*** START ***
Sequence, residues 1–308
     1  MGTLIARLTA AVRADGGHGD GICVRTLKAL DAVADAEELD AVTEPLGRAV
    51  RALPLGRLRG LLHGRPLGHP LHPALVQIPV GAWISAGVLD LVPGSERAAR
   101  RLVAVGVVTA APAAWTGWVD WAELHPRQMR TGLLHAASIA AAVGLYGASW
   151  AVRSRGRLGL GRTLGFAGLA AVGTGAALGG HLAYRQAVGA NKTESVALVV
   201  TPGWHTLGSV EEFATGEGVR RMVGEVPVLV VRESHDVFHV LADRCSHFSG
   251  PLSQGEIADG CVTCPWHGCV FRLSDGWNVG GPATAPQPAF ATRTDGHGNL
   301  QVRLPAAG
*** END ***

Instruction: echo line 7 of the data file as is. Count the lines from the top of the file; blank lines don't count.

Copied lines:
   251  PLSQGEIADG CVTCPWHGCV FRLSDGWNVG GPATAPQPAF ATRTDGHGNL